If you don’t read anything else linked to below, please, at least read When in Gotham by Eric Miller at “Front Porch Republic.” Miller puts his finger on something that has bothered me in the discussion of the movement towards nationalism, and the (merited) critique of globalization: does the movement (be it Brexit or Trump’s crude
protectionism) really represent a departure into a new economics or merely a more local version of the corporatization of the world that lessens freedom for everyone, everywhere. Miller writes:
A corporate state of nationalist dimensions and a corporate state of internationalist dimensions may in fact be a difference in kind, but not the kind of difference likely to ease the democratic spirit… But as the passing decades have shown, we cannot stop (because we’re unwilling to stop) the growth of the corporate state. What we can do is seek to start, and re-start, forms of authentic growth within it.
Now, THAT is a call to resist! Take five minutes to read this piece.
A theme taken up by Dean Baker quite frequently in his Beat the Press blog, is the question of why the Federal Reserve of the United States is so afraid of inflation. Baker often argues that because of its fixation on inflation, and its seeming finger-on-the-trigger use of interest rate increases to tame it, the Fed essentially reigns in economic growth and job creation.
In my reading, Baker is almost alone in “beating” this particular drum. It is interesting, therefore, to read this review in The Economist of Paul Volcker’s memoir. Here is an extended quote with my highlight of the key take home:
Mr Volcker’s intuitive approach to monetary policy often seems as influential as the academic orthodoxy his tenure helped inform. He worries that economists favour reforms that would free central banks to court higher inflation during downturns. Although many do, central banks have very conspicuously declined to make such changes. They would view years of above-target inflation as a dangerous threat to their credibility, and easing policy in the face of such inflation an unforgivable sign of weakness. But years of below-target inflation in the aftermath of the global financial crisis did not generate a corresponding panic. Indeed, the Fed began raising interest rates while inflation remained below its target, unfazed by the risk that this would undermine public faith in its ability to boost the economy when the next recession strikes.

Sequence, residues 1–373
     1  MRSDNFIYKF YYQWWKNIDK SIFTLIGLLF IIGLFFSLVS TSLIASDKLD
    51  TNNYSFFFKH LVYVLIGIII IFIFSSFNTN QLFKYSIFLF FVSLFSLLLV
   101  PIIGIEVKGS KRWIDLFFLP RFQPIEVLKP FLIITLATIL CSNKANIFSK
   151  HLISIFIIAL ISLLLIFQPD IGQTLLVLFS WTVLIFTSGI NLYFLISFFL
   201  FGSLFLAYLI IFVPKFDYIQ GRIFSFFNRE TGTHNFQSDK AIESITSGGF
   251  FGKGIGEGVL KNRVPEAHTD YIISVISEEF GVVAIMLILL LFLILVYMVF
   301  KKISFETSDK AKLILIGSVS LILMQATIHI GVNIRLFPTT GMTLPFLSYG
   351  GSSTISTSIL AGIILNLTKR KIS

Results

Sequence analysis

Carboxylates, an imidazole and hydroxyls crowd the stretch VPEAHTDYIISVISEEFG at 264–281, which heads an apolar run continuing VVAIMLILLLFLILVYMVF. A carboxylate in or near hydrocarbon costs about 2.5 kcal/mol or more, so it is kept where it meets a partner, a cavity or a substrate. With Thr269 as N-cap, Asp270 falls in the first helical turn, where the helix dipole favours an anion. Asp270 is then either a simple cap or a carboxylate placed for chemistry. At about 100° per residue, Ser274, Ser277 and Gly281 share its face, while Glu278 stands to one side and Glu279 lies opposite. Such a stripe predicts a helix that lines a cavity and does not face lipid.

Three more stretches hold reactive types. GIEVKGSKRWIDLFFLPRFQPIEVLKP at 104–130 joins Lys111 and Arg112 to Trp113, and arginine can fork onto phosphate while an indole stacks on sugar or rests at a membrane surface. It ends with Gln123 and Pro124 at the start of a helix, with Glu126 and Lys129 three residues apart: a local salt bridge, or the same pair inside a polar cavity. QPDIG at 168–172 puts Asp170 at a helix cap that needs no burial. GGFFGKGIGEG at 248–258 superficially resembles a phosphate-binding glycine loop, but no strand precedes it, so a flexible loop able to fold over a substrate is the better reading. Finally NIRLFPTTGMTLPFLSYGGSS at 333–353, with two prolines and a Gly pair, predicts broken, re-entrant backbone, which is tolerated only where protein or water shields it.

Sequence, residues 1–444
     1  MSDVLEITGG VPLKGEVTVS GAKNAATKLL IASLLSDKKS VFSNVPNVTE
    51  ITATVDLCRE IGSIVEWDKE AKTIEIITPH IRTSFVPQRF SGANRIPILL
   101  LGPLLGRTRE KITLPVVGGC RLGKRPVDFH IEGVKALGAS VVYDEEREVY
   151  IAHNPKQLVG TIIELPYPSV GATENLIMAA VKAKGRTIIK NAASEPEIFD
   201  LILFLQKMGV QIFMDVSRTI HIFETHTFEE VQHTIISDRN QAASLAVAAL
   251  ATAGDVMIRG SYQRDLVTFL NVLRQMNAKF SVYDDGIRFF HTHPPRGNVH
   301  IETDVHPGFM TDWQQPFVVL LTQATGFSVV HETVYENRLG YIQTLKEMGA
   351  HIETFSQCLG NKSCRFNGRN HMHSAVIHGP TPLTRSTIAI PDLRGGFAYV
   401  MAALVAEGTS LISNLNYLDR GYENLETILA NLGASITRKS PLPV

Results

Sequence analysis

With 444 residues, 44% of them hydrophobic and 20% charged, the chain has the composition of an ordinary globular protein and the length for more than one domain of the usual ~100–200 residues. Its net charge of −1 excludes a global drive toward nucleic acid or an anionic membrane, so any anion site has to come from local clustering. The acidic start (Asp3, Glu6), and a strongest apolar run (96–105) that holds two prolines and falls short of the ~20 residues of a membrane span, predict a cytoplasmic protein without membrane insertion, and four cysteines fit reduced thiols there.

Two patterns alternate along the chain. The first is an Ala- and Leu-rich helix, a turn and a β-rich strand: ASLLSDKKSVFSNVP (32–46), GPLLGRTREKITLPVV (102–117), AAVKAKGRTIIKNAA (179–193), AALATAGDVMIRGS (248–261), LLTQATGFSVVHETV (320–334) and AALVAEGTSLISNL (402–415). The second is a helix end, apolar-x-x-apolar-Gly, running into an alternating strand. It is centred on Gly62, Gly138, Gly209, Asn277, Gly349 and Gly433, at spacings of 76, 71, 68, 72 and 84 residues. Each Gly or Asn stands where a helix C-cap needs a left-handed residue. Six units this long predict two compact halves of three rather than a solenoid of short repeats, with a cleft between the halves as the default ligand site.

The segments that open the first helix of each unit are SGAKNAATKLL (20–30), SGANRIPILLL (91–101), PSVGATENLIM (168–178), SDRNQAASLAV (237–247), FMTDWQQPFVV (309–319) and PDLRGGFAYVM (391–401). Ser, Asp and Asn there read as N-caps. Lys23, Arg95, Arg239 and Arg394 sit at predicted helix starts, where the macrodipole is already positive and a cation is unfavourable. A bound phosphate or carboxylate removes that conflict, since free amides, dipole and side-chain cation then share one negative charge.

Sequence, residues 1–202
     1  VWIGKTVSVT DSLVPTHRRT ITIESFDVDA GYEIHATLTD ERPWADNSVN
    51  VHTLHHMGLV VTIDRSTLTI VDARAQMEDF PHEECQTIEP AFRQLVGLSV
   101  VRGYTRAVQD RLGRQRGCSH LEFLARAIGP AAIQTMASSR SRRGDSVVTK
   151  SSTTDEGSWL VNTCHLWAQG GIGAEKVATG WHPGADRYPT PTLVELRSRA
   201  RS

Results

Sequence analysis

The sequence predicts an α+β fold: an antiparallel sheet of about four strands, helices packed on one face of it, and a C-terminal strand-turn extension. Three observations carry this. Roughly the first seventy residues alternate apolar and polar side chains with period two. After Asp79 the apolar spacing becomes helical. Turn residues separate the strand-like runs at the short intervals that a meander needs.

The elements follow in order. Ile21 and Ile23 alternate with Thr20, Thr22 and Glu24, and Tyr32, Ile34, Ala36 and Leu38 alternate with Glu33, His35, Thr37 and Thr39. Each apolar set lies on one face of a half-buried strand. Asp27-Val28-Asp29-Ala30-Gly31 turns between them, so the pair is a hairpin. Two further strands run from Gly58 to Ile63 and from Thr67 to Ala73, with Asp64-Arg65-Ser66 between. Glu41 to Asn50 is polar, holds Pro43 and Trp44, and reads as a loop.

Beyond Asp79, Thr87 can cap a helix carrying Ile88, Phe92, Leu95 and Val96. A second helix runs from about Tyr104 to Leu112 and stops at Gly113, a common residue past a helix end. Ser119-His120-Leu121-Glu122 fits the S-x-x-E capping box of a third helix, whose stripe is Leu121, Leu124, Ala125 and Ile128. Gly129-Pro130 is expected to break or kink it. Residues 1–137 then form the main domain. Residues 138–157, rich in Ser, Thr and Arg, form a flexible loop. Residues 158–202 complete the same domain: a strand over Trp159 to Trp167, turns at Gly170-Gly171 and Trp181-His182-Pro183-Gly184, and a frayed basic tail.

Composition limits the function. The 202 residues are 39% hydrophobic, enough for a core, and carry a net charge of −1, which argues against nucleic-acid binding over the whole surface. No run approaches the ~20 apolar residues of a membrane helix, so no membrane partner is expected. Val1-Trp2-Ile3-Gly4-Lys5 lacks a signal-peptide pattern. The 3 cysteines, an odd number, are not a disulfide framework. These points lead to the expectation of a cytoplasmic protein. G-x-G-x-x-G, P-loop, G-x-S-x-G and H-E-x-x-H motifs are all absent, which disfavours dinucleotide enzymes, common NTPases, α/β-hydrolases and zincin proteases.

Mr Volcker writes that, time and again, governments accept “a little inflation” only to find themselves beset by spiraling prices. But the more time passes, the more the 1970s look like an inflationary aberration book-ended by decades of modest inflation. Inflation is a danger, but one among many. It is the strength of Mr Volcker’s character that deserves emulation rather than his response to a specific, bygone set of economic circumstances.
The USA (A “truth-challenged” nation)
I don’t generally like Rod Dreher. He is a conservative Catholic with a SERIOUS dislike for Pope Francis and views on immigration and cultural change with which I simply disagree. But this article, in which he quotes another well known Catholic writer (Ross Douthat of the New York Times) is astonishing in its brutal honesty about Donald Trump and other elites. A sample:
(W)henever I hear of some new vile thing that Trump is alleged to have done, I just shrug. I expect him to be a criminal, in a way that I never would have expected any other president to be a criminal. And the Republicans in Congress have barely tried to rein him in. After he goes, it’s going to be hard to restore respect to the presidency.
The rest of the article delves into the parallel moral universe other elites in this country live in. It is not easy to read.
We have a truth problem in this country. And not just for the reasons that Dreher cites in his short piece. The Economist, this week, lays out the truth about the grifters around the current President.
One theme from the hundreds of pages of indictments is that the people around the president lied frequently and easily, even under oath. It is a management cliché that culture is set at the top. That was true of the Trump campaign, too.
But beyond the problem of “truth-telling” (or the lack thereof ) according to Shanto Iyengara and Douglas S. Massey lies the fact that we live in a post-truth society. Their particular point is about science and how scientist might respond in such a society. It does not break much new ground, but its example of how the immigration “debate” has been subjected to post-truth communication methods is engaging and informative.